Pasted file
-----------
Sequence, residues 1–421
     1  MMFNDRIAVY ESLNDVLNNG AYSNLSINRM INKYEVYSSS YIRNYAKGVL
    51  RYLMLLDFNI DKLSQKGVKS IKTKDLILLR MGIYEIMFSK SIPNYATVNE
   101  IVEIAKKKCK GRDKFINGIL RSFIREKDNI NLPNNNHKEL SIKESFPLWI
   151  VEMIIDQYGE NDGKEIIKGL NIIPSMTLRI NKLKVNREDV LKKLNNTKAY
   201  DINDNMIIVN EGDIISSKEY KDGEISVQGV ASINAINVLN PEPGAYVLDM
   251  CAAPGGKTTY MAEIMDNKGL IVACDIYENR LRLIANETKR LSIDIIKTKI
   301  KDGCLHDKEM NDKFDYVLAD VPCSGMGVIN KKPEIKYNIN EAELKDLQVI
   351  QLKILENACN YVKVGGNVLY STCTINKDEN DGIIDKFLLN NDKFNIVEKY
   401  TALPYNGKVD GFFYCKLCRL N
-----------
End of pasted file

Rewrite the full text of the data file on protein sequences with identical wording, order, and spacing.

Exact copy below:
Sequence, residues 1–421
     1  MMFNDRIAVY ESLNDVLNNG AYSNLSINRM INKYEVYSSS YIRNYAKGVL
    51  RYLMLLDFNI DKLSQKGVKS IKTKDLILLR MGIYEIMFSK SIPNYATVNE
   101  IVEIAKKKCK GRDKFINGIL RSFIREKDNI NLPNNNHKEL SIKESFPLWI
   151  VEMIIDQYGE NDGKEIIKGL NIIPSMTLRI NKLKVNREDV LKKLNNTKAY
   201  DINDNMIIVN EGDIISSKEY KDGEISVQGV ASINAINVLN PEPGAYVLDM
   251  CAAPGGKTTY MAEIMDNKGL IVACDIYENR LRLIANETKR LSIDIIKTKI
   301  KDGCLHDKEM NDKFDYVLAD VPCSGMGVIN KKPEIKYNIN EAELKDLQVI
   351  QLKILENACN YVKVGGNVLY STCTINKDEN DGIIDKFLLN NDKFNIVEKY
   401  TALPYNGKVD GFFYCKLCRL N